Our waste speaks of us

Our waste speaks of us

Our waste speaks of us

It is often said that social networks know everything about us. You are not the only ones. Detailed information about our diet, our routines, our social life, our consumption habits and even our worldview can be extracted from the trash can. Our residue allows us to draw seemingly counterintuitive conclusions, such as those noted by University of Arizona archaeologist and anthropologist William Rathje as early as the 1970s: It is in times of scarcity that most waste occurs.

Rathje, father of an unusual scientific discipline called basurology, documented that in 1974, amid a beef shortage, “three times more meat was thrown away than in times of plenty”. Something similar happened the following year with the consumption of sugar, which was accumulated and wasted in American households, coinciding with a period when its price doubled. The archaeologist devoted a significant part of his career to promoting the Garbage Project (Garbage Project as if it were a dysfunctional superhero squad), an attempt to infer behavioral patterns in human societies from what is found in their garbage dumps. To Rathje we owe such significant insights as that the city of New York has risen by about two meters in garbage accumulation since its inception, or that 13% of all garbage in western cities is newsprint.

If this insightful pioneer were still active (he died in 2012), he would today confirm to what extent the current supply crisis, triggered by the pandemic and exacerbated by the war in Ukraine, has confirmed the perverse link between scarcity and waste. Albert Vinyals, university professor and expert in consumer psychology, confirms that the story the trash can tells is as true as it is human: β€œIt has to do with an impulse that comes from the instinct to survive. It causes us to stockpile products that are scarce or that we expect to be scarce but that we don’t use regularly.”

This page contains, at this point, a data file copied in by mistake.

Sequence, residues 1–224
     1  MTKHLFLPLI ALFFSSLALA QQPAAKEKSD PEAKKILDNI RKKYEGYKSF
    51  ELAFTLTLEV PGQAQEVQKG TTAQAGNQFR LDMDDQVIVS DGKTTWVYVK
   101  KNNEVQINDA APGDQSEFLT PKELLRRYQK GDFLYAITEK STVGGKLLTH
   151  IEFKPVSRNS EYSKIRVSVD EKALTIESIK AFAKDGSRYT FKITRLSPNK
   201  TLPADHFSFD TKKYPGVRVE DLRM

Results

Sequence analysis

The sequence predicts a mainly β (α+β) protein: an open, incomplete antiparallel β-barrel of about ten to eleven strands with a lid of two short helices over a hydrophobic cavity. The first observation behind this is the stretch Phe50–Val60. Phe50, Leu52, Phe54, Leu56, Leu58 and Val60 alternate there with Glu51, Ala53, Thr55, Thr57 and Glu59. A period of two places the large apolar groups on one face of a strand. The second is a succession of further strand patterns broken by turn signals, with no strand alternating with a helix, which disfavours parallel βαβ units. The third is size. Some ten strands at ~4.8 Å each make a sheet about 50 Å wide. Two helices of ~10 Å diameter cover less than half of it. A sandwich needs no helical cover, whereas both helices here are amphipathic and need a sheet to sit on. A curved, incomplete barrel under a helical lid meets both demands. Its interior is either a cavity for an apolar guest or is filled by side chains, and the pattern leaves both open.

It’s not even about speculative practices, about accumulating a certain product in order to do business with it in the medium term. “That might be perverted behavior, but with a rational basis,” explains Vinyals, “but what takes place in practice is compulsive buying processes that respond to a state of induced panic.”

About a quarter of the sunflower oil imported into Spain comes from Ukraine. “This is a significant amount, and it is perfectly logical and understandable that the Russian invasion would lead to a slowdown in imports and the consequent inventory collapses,” says Vinyals. No longer so rational is that “demand for this product among people who do not consume it regularly skyrockets, making scarcity a self-fulfilling prophecy.” than under normal circumstances, because “the compulsive shopper will find a product they don’t like, don’t need, or have hoarded, regardless of factors such as expiration date. As a result, part of the waste ends up in the trash can.

“Most of our purchasing decisions are based on emotions,” says Vinyals. This leaves us vulnerable, as the expert explains, “to the suggestion created in us by the so-called ad populum fallacies, generalized and trivial views that we take for granted without real reflection.” When we hear that a product will become scarce in the medium term, as toilet paper was in the early days of lockdown, we tend to hoard it.

Vinyals concludes that these punctual dysfunctions tend to be corrected as the collective intelligence (and consequently the individual intelligence) adjusts to the new situation and returns to its consumption patterns. “I’m not denying that there could be an objective supply problem in the circumstances of war, but I wonder what would happen if people took these predictions literally and educated themselves on the large number of products derived from these grains and start accumulating them to the same extent as sunflower oil.” Rathje has the answer: if something like this happened, our cities’ landfills would be filled with corn derivatives.

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